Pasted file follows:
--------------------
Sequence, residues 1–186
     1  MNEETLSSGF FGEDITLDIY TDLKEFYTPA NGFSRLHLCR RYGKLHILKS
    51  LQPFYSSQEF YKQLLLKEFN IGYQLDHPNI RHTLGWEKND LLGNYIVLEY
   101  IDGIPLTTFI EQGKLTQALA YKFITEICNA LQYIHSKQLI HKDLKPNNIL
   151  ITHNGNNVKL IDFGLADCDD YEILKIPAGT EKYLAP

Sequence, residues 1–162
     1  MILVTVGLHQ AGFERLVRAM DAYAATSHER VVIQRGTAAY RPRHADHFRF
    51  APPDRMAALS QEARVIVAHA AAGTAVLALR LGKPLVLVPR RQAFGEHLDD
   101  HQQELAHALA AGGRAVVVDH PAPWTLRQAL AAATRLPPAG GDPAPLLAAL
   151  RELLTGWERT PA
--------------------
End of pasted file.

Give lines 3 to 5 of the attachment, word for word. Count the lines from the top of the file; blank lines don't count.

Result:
    51  LQPFYSSQEF YKQLLLKEFN IGYQLDHPNI RHTLGWEKND LLGNYIVLEY
   101  IDGIPLTTFI EQGKLTQALA YKFITEICNA LQYIHSKQLI HKDLKPNNIL
   151  ITHNGNNVKL IDFGLADCDD YEILKIPAGT EKYLAP